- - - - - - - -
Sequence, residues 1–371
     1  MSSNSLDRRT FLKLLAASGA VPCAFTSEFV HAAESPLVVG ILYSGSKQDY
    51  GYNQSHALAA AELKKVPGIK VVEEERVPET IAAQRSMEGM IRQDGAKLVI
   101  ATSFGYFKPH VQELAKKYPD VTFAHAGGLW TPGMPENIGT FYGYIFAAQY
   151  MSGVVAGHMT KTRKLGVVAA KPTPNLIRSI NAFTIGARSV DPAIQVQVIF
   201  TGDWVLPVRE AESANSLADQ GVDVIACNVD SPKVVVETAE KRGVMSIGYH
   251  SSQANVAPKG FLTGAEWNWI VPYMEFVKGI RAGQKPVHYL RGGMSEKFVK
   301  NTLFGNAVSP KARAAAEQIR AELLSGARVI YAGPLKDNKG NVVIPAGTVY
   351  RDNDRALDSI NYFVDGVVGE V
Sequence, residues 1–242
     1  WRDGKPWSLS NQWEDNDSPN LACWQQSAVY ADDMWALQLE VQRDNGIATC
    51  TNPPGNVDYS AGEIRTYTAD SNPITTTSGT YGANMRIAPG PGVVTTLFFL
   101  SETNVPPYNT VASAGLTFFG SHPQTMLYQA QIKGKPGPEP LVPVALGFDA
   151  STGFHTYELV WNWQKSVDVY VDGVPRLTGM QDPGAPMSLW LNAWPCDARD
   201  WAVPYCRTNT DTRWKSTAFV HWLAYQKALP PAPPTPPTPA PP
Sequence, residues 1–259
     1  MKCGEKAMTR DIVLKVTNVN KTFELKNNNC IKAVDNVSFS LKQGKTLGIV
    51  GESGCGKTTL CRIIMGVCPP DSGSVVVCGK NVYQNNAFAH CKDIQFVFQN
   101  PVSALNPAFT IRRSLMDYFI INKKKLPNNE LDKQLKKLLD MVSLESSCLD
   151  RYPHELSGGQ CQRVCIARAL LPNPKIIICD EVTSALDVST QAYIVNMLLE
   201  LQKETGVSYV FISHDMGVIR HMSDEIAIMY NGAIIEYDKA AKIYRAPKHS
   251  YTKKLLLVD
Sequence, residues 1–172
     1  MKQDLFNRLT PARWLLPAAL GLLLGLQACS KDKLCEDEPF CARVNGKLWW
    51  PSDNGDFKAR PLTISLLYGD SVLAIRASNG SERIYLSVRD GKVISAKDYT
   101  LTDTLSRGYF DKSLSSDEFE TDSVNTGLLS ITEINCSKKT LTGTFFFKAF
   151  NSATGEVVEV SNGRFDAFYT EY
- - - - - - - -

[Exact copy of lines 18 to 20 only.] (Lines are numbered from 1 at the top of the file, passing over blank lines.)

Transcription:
    51  GESGCGKTTL CRIIMGVCPP DSGSVVVCGK NVYQNNAFAH CKDIQFVFQN
   101  PVSALNPAFT IRRSLMDYFI INKKKLPNNE LDKQLKKLLD MVSLESSCLD
   151  RYPHELSGGQ CQRVCIARAL LPNPKIIICD EVTSALDVST QAYIVNMLLE